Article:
Fast Five Quiz: Obesity Comorbidities

Elif A. Oral, MD


January 31, 2022

In addition to lifestyle modifications, pharmacotherapy can be considered for weight management in patients who have limited treatment response to lifestyle modifications alone and have a BMI ≥ 30 or a BMI ≥ 27 in the presence of weight-related comorbidities, such as hypertension. When antiobesity pharmacotherapy is prescribed for individuals with or at risk for hypertension, it is important to consider the mechanism of action when selecting a treatment option. There is a potential risk for increased blood pressure with sympathomimetic amines related to their mechanism of action, which includes increasing catecholamine levels; however, clinically significant increases in blood pressure have not been observed in randomized controlled trials of these drugs, which may be attributable to concomitant weight loss.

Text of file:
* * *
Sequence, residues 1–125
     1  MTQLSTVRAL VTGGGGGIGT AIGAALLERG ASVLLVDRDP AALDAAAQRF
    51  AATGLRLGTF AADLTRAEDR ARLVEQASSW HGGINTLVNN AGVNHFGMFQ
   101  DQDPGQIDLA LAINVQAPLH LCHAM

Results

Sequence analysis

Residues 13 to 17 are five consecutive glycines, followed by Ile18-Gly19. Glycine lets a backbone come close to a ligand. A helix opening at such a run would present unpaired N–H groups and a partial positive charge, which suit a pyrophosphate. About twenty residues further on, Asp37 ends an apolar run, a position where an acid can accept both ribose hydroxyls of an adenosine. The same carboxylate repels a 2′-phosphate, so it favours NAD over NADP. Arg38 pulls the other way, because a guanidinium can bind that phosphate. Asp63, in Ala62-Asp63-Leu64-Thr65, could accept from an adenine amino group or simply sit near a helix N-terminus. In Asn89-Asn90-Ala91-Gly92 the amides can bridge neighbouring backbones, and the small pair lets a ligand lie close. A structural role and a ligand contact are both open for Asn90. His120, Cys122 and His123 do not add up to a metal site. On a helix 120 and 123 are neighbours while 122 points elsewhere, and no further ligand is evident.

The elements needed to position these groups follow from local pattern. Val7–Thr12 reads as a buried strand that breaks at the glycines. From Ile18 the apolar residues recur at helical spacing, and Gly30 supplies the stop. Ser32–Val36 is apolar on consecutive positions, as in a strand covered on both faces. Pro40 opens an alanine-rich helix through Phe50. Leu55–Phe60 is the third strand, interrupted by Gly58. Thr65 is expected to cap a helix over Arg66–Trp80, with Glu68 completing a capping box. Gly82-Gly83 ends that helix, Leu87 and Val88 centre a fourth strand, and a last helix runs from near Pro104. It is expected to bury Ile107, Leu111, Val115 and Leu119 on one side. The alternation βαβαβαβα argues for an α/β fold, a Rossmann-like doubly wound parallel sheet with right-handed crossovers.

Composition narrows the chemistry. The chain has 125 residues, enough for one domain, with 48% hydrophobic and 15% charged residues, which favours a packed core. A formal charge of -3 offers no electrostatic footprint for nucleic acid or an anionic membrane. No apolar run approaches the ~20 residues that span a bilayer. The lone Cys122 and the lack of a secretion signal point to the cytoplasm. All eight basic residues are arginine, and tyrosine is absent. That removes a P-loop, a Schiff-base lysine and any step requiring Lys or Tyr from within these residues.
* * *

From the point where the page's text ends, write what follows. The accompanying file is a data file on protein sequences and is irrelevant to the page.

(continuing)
Orlistat, a lipase inhibitor, has a generally favorable safety profile attributable to its peripheral mechanism of action. However, it is often poorly tolerated because of a high occurrence of loose stools, fecal urgency, and flatus when patients do not strictly adhere to a low-fat diet while taking this drug.

Learn more about weight loss strategies for patients with hypertension.


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